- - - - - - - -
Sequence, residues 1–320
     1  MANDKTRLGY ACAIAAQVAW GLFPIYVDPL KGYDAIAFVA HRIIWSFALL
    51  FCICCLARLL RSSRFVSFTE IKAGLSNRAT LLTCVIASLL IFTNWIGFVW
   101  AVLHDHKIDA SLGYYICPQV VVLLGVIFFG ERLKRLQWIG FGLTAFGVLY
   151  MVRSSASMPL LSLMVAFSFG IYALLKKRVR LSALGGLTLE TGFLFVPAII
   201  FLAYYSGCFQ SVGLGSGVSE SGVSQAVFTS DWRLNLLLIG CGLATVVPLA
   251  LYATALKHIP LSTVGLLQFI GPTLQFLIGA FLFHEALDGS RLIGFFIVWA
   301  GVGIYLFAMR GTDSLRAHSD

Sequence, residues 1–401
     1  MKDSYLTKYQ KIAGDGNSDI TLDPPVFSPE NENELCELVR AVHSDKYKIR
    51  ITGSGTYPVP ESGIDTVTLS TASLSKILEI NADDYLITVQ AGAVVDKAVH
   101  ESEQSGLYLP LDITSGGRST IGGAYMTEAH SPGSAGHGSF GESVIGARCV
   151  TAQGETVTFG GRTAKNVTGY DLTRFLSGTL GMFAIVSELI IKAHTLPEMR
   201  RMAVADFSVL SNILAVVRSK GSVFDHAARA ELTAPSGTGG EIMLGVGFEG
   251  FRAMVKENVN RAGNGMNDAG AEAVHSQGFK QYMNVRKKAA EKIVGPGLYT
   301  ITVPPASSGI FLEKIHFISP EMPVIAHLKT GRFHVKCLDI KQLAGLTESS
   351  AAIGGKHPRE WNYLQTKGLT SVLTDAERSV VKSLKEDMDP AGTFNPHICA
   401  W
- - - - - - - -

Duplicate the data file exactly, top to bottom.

Sequence, residues 1–320
     1  MANDKTRLGY ACAIAAQVAW GLFPIYVDPL KGYDAIAFVA HRIIWSFALL
    51  FCICCLARLL RSSRFVSFTE IKAGLSNRAT LLTCVIASLL IFTNWIGFVW
   101  AVLHDHKIDA SLGYYICPQV VVLLGVIFFG ERLKRLQWIG FGLTAFGVLY
   151  MVRSSASMPL LSLMVAFSFG IYALLKKRVR LSALGGLTLE TGFLFVPAII
   201  FLAYYSGCFQ SVGLGSGVSE SGVSQAVFTS DWRLNLLLIG CGLATVVPLA
   251  LYATALKHIP LSTVGLLQFI GPTLQFLIGA FLFHEALDGS RLIGFFIVWA
   301  GVGIYLFAMR GTDSLRAHSD

Sequence, residues 1–401
     1  MKDSYLTKYQ KIAGDGNSDI TLDPPVFSPE NENELCELVR AVHSDKYKIR
    51  ITGSGTYPVP ESGIDTVTLS TASLSKILEI NADDYLITVQ AGAVVDKAVH
   101  ESEQSGLYLP LDITSGGRST IGGAYMTEAH SPGSAGHGSF GESVIGARCV
   151  TAQGETVTFG GRTAKNVTGY DLTRFLSGTL GMFAIVSELI IKAHTLPEMR
   201  RMAVADFSVL SNILAVVRSK GSVFDHAARA ELTAPSGTGG EIMLGVGFEG
   251  FRAMVKENVN RAGNGMNDAG AEAVHSQGFK QYMNVRKKAA EKIVGPGLYT
   301  ITVPPASSGI FLEKIHFISP EMPVIAHLKT GRFHVKCLDI KQLAGLTESS
   351  AAIGGKHPRE WNYLQTKGLT SVLTDAERSV VKSLKEDMDP AGTFNPHICA
   401  W